I looked at myself in the mirror today while changing and started crying at how unhealthy my body looks. I do not want this to be my life. It is not normal for my rib cage to show every bone so clearly and to have such protruding hipbones. This IS NOT how my body should look and I need to start loving my body AND myself.

I thank you all for the support, it really mean a lot. BUT, the only one that can save me is MYSELF and by finally realizing that I seek attention through my actions is not the way to go about recovering. I am scared to admit when I am struggling, but I need to express this in healthy ways. Hurting myself is not the answer. I am not saying that my mental health is made up or attention seeking, but I am saying that when I get so desperate and so consumed by my thoughts, I do not properly handle myself well. It is okay to just say, “Hey today is a rough day for me, but it will pass.” It’s SO much better than trying to give off clues that I desperately need help by making it physically obvious. I have a voice that can express what is troubling me. My journaling is for my demons. Not my friends. My friends are my support; not my therapist. And my perspective on my mental health is finally starting to change.

My new life begins now; A life of positive growth and positive thinking.

The Secret Illness

You know that saying that goes something like “treat everyone with kindness for they all fight their own secret battle.” We say it all the time, but do we ever actually think about it? Do you ever think about how your best friend could be depressed or anxious and hiding it all from you?

One of the most mind-blowing things for me to think about is how there are so many others who suffer with mental illness and we do not even know about it. SO many people have a struggle, yet almost every day we see perseverance in this struggling friend. We would never think he or she could be mentally ill.

I was talking to one of my professors the other day. See, I had a major panic attack in her class. It was really embarrassing for me because it made me feel like I was failing at recovery. I went to my professor’s office to talk to her about it and I went into more detail about my history with mental illness. This conversation was so meaningful because my professor said she would have had no clue that I fight myself everyday. People know me for my outgoing personality. I always have a smile on my face. It is hard for others to fathom that I suffer so much.

It’s kind of scary in a way to think about how good I was at hiding my mental illness. I got through high school with very little people knowing I was sick. (Even with missing a month of school for IOP!) And I will NEVER forget that one day senior year in English class, when my teacher made a comment about my cut wrist in front of the whole class. It took him a moment to realize the major mistake he made.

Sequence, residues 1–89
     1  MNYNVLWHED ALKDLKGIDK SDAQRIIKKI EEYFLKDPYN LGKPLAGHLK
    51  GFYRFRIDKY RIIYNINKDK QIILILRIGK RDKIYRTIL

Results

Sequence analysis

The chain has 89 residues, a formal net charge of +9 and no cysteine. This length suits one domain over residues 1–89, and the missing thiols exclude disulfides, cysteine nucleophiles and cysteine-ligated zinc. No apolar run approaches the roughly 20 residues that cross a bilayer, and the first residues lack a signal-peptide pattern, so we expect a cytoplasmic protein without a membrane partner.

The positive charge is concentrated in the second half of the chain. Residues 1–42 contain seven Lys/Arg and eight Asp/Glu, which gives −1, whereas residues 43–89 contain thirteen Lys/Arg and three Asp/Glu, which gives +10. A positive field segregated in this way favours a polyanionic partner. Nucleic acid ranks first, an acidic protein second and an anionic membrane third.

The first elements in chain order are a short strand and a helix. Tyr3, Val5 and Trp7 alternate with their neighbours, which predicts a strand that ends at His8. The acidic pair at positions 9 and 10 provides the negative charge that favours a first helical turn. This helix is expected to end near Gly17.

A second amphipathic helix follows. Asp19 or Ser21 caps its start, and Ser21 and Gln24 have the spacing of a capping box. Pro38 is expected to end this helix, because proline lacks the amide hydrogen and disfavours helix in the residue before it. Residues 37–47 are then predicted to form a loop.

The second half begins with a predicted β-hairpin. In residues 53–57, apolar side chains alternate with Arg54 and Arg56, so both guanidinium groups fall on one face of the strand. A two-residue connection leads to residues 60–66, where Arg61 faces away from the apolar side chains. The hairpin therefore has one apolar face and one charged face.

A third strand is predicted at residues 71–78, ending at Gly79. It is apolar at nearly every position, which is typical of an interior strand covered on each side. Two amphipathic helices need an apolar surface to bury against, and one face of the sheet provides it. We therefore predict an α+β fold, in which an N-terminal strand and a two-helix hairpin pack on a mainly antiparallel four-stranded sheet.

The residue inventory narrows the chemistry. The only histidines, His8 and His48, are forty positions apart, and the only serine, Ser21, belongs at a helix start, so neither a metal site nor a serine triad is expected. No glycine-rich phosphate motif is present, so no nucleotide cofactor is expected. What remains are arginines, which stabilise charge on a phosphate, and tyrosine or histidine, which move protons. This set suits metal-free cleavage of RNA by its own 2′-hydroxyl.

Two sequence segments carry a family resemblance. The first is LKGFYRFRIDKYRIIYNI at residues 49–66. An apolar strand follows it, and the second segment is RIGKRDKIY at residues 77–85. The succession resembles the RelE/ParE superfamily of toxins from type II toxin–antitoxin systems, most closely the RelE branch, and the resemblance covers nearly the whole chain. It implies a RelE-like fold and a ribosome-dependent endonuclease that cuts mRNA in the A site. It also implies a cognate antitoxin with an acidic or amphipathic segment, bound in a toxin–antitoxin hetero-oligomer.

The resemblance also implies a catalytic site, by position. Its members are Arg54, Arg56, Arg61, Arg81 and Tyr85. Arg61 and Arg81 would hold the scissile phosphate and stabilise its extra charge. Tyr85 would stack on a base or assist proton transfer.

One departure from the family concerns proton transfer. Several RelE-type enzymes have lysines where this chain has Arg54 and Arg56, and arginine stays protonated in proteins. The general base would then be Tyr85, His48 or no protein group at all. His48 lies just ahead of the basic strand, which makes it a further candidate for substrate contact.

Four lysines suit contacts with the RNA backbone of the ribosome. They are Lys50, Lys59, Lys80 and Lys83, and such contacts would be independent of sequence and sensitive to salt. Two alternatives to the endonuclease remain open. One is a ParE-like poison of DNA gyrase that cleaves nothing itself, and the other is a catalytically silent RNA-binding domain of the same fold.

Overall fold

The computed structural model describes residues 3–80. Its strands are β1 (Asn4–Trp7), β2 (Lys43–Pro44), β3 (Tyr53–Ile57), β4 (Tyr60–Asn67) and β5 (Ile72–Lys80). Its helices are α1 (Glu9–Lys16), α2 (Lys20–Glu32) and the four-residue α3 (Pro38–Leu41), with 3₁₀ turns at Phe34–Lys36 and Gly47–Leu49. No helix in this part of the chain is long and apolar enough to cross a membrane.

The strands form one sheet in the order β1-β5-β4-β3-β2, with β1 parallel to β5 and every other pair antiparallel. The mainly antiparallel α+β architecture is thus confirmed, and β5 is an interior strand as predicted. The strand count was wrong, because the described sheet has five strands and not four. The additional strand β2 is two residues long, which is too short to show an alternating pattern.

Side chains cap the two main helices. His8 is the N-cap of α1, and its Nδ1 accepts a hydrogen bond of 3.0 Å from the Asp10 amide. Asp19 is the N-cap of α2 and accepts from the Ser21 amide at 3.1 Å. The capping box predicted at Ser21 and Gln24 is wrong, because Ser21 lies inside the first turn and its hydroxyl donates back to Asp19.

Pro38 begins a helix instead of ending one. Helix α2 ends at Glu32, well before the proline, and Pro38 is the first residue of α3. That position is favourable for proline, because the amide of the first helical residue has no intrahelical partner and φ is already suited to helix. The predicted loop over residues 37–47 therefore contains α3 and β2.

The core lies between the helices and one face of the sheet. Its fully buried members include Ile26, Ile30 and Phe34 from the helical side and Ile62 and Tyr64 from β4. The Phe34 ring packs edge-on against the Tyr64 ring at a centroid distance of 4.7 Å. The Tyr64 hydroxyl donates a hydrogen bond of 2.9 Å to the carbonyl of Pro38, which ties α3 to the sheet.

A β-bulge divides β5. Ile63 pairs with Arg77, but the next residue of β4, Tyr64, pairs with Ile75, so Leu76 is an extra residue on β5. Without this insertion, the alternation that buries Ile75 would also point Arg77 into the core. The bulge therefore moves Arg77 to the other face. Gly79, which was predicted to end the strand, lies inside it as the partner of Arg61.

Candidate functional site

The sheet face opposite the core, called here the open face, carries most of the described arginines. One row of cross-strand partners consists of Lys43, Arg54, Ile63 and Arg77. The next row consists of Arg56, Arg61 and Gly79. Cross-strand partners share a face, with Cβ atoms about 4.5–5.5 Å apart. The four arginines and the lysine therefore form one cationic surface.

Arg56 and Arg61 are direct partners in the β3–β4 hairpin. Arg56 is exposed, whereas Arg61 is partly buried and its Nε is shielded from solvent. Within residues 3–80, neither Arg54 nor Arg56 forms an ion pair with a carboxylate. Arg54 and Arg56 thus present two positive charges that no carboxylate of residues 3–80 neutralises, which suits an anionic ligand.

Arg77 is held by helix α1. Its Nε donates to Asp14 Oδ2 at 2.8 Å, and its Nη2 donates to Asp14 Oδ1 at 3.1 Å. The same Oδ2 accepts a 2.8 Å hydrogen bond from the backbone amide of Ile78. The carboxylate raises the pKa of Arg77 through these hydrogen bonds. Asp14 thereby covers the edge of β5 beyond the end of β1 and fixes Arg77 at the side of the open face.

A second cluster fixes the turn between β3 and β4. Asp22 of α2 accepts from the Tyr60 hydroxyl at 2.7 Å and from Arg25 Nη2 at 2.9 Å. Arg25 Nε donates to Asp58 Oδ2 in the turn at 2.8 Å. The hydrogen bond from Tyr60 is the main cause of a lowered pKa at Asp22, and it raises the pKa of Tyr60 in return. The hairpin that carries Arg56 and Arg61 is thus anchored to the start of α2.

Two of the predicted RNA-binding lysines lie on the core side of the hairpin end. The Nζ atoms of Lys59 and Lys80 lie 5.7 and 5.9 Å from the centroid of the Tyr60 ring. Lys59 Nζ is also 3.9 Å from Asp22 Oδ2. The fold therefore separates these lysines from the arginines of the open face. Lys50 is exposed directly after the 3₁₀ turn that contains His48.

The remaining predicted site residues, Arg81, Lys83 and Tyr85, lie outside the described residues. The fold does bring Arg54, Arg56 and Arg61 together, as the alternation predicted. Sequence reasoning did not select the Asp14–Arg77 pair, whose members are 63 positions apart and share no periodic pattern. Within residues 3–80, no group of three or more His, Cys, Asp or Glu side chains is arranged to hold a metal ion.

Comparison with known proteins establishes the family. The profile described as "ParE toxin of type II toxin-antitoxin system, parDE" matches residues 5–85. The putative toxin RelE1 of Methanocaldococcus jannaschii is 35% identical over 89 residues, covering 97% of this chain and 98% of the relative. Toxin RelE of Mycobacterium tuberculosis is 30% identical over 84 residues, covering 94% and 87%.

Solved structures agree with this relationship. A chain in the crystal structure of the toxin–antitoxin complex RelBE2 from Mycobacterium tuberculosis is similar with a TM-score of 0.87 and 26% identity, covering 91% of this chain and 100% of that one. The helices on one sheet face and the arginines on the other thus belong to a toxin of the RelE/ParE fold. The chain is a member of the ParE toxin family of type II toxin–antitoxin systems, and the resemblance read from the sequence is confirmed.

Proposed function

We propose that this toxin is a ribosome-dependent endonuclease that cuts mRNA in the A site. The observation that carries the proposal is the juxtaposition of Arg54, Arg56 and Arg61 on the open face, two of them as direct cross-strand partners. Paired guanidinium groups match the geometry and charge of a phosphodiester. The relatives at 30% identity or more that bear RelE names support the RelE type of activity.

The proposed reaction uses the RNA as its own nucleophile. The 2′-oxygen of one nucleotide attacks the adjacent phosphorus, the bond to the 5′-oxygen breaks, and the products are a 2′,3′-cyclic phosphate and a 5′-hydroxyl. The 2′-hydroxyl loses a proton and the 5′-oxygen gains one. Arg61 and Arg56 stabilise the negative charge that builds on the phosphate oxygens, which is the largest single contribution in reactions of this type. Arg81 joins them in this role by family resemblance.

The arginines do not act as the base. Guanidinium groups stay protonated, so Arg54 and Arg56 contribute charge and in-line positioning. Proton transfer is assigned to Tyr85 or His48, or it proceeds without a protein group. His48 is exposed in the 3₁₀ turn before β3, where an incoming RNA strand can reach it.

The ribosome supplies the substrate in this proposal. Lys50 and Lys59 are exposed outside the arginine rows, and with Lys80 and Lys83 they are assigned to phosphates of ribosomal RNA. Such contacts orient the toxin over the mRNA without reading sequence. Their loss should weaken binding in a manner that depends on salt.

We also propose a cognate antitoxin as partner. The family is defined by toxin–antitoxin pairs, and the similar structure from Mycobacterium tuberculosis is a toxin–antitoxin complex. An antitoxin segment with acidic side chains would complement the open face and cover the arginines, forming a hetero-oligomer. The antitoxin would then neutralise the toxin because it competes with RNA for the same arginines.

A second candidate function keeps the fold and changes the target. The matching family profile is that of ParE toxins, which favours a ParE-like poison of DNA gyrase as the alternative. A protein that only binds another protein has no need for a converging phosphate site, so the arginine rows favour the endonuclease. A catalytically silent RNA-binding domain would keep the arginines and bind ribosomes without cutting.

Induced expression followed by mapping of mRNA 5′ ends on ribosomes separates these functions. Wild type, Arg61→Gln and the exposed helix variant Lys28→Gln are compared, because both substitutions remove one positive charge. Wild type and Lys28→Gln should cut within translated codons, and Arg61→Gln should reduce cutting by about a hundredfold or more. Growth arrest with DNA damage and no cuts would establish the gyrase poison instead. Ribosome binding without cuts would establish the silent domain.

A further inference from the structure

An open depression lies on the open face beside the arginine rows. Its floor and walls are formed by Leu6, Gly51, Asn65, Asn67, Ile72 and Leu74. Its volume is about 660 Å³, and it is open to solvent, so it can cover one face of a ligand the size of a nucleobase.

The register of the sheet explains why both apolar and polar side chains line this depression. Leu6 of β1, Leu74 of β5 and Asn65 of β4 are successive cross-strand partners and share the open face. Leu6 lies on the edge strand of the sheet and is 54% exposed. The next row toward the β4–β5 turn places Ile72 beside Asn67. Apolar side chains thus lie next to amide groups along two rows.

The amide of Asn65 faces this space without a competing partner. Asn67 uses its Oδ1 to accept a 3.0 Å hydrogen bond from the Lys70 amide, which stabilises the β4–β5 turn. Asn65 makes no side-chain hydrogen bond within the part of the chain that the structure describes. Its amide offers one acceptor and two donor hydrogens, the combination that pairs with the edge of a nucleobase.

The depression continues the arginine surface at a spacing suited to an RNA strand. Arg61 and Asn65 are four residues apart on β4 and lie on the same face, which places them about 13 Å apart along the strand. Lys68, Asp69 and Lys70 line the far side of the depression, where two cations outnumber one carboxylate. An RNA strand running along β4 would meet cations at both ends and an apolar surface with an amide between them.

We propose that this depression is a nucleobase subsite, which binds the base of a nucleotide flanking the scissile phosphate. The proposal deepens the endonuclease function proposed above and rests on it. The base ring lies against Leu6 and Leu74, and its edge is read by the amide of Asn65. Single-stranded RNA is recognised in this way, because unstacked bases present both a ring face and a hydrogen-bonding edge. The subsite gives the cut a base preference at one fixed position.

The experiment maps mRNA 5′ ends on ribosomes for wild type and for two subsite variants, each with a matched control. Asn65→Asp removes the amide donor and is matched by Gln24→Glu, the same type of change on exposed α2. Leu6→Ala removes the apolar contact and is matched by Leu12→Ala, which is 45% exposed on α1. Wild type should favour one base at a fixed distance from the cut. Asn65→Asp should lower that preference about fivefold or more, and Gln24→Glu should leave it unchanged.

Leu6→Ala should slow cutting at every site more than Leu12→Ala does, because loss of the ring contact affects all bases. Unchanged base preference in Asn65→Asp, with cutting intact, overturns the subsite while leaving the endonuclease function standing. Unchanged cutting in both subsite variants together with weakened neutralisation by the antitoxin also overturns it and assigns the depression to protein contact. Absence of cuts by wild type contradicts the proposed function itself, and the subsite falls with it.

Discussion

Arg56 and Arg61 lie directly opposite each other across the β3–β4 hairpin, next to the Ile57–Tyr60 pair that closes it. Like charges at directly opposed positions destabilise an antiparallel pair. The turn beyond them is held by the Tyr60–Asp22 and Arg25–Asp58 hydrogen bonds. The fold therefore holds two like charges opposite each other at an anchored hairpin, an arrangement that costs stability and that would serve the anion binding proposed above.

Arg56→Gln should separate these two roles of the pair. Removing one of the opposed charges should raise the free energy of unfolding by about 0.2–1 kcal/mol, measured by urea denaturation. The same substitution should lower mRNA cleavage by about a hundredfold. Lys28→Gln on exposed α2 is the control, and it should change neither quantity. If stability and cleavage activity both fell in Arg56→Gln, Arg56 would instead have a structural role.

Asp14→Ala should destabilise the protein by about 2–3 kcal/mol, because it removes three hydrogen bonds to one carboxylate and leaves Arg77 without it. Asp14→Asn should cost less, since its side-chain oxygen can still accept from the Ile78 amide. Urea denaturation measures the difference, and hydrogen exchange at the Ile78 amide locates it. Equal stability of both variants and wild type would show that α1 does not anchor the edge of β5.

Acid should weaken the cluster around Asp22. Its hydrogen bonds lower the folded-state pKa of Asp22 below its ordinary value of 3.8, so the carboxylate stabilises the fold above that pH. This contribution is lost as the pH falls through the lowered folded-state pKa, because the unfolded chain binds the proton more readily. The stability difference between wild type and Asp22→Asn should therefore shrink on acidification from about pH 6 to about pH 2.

Think about the stranger you sit next to everyday on the train. Or one of your co-workers that you kind of know. He could be suffering and maybe that smile you give him is the highlight of his day.

Think about the ones you loved. We never really know how much someone is struggling until they crack. But what if we took more focus on how our loved ones actually are. Then it would not escalate to the point of danger.

It’s scary to think that people can hide their demons so well.

Everyday, my alarm goes off and I dread getting out of bed. I know that for the next 12 hours I am going to have to be a ray of sunshine, running all over the place, and pleasing others. It’s a lot of work, but it makes me feel good most of the time, so I keep doing it. Sometimes I’ll admit I do need a break. That’s when I hit snooze a little bit longer and stay a little quieter.

Every time a meal comes along I feel full just from the anxiety. I do not think I will ever understand how people get excited about meals. I still do certain behaviors, but no one knows that my weird eating habits are unhealthy.

When it’s finally time to sleep at night I am wide-awake with voices of all the things I  think I did wrong running through my mind.

Mental illness is unpredictable. It’s not a fun thing to live with. Which is why we need to show more compassion to those we love.

We need to be more inviting to companions we do not yet know well. Exchange a smile; genuinely show care about how someone’s day is. Make an effort because you never know what someone is going through. Mental illness can be silent, but deadly.

I am…

I used to only care about..

How my body looked, being the skinniest, how I looked in the mirror.

I used to only care about…

Counting calories, being perfect, eating  less than my peers.

I used to avoid hanging out with friends and participating in activities

I used to be a zombie just trying to get through the day.

I had excuses lined up for why I couldn’t go out.

I had rituals I would do before bed that Ana insisted I had to do.

With about six years of recovery under my belt I am now starting too..

Love my body, feed my body, and accept who I am.

I am starting to…

Have energy to be involved in activities, get excited about seeing friends.

Life is no longer a chore like it was before.

I no longer just go through the motions

I no longer cry myself to sleep.

I still have urges of restricting and body checking.

I still struggle with accepting my body.

I still get frustrated that I suffer with mental illness and the feeling that I’ll be like this forever.

I worry no one will love me since I sometimes forget how to love myself.

I worry I will not reach my goals and aspirations and let myself down.

However, I fight because I want to be strong and healthy.

I want to get married, start a family, travel the world.

I need to eat and take care of myself.

I need to stop inflicting pain on my body.

I am a work in progress.

I am a young woman in recovery.

I am an Ed warrior and everyday I am getting strong towards destroying my demons. 

I am Liv and I am NOT defined by my disorders.